Case Law Details

Case Name : Pr. CIT Vs Bharti Overseas Pvt. Ltd. (Delhi High Court)
Appeal Number : ITA No. 802/2015
Date of Judgement/Order : 17/12/2015
Related Assessment Year :
Courts : All High Courts (3785) Delhi High Court (1199)

Brief about the case

The assessee company was engaged in the promotion of international telecom business and insurance business and filed its original return of income on declaring loss of Rs.16,07,22,655. The income was revised on16thDecember 2009, at a loss of Rs. 13,93,37,943. Consequent to the return having been picked for scrutiny, the AO observed the Assessee had shown dividend income of Rs.89, 02,540 out of which Rs. 68, 44,790 was claimed as exempt under section 10(34) of the Act. The Assessee was asked to show cause why a disallowance under Section 14A of the Act read with Rule 8D should not be made for the expenditure incurred in relation to income not forming part of the total income.

The Assessee claimed that it had incurred 10% of the exempt income as expenditure but the AO did not accept his claim. Thereby the disallowance of Rs. 2,79,02,402 was added to the taxable income of the Assessee. The Assessee then appealed to the CIT(A). It was contended by the Assessee that Rule 8D would apply only if the AO,having regard to the accounts of the Assessee of a previous year, was not satisfied with the correctness of the claim of expenditure made by the Assessee. According to the Assessee there was no such recording of satisfaction to justify the invoking of Rule 8D.

The CIT(A) reduced the disallowance and therefore the Revenue went in appeal before the ITAT.The ITAT was of the view that since there was no common interest in the present case allocation under Rule 8D(2)(ii) does not apply.

The object behind Section 14A (1) is to disallow only such expense which is relatable to tax exempt income and not expenditure in relation to any taxable income. This object behind Section 14A has to be kept in view while examining Rule 8D (2) (ii). In any event a rule can neither go beyond or restrict the scope of the statutory provision to which it relates.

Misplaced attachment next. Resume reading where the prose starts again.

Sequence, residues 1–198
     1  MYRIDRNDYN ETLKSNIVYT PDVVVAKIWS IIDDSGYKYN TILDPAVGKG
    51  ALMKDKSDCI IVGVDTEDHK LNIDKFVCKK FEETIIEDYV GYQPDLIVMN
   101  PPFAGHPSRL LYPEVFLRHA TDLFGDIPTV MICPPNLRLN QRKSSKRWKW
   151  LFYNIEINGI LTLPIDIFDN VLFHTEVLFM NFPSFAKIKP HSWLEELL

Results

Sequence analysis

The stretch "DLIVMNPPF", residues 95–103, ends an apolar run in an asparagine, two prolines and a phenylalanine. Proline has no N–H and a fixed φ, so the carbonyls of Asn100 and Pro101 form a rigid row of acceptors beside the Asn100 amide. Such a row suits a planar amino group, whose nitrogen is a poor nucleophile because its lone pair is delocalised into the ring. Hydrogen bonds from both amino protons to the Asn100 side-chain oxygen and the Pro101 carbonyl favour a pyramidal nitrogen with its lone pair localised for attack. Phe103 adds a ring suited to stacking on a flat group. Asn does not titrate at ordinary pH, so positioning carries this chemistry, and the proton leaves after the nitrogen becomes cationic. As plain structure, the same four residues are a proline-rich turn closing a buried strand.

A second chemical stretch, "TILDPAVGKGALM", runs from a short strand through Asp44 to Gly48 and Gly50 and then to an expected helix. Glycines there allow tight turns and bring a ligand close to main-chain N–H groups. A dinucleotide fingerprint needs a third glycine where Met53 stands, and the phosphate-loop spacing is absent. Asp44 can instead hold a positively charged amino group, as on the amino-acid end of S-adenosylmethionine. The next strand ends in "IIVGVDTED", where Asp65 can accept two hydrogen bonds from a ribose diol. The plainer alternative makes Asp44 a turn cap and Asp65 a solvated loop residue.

The Delhi High Court held that Variable ‘A’ prescribed in the formula in Rule 8D(2)(ii) (to make disallowance in case of common interest expenditure) would exclude both interest attributable to tax exempt income as well as taxable income.

Therefore the Court is unable to agree with the Revenue that in adopting the above interpretation the ITAT has on its own read down Rule 8D (2) (ii) of the Rules and therefore travelled beyond the scope of its jurisdiction and powers.

Facts of the case:

  • The assessee company was engaged in the promotion of international telecom business and insurance business and filed its original return of income on declaring loss of Rs.16,07,22,655.
  • the return having been picked for scrutiny, the AO observed the Assessee had shown dividend income of Rs.89, 02,540 out of which Rs. 68, 44,790 was claimed as exempt under section 10(34) of the Act. The Assessee was asked to show cause why a disallowance under Section 14A of the Act read with Rule 8D should not be made for the expenditure incurred in relation to income not forming part of the total income.
  • The Assessee claimed that it had incurred 10% of the exempt income as expenditure but the AO did not accept his claim.
  • The CIT (A) observed that during appeal proceedings, it was found that “actually the amount of interest attributable to the earning of dividend income should have been taken at proportion of Rs. 83 lacs for the purpose of applying Rule 8D and not Rs. 5,52,83,131 as adopted by the AO”. The disallowance was therefore re-worked at Rs.37,11,031. After adjusting the sum offered by the Assessee, the disallowance was restricted to Rs.30, 26,552.
  • The Revenue went in appeal before the ITAT. The ITAT referring to the deciusion of Kolkatta Bench of ITAT in ACIT v. Champion Commercial Co. Ltd., (2012) 139 ITD 108, which in turn referred to the decision of the Bombay High Court in Godrej & Boyce Mfg. Co. Ltd (supra) and held that for the purposes of Rule 8D (2) (ii), the amount of interest not attributable to the earning of any particular item of income, i.e., ‘common interest expenses’ that was required to be allocated would have to exclude both expenditures, i.e., interest attributable to tax exempt income as well as that attributable to taxable income. The ITAT, therefore, was of the view that since there was no common interest in the present case allocation under Rule 8D(2)(ii) does not apply. Hence ITAT upheld the decision of CIT(A).
  • The object behind Section 14A (1) is to disallow only such expense which is relatable to tax exempt income and not expenditure in relation to any taxable income. This object behind Section 14A has to be kept in view while examining Rule 8D (2) (ii). In any event a rule can neither go beyond or restrict the scope of the statutory provision to which it relates.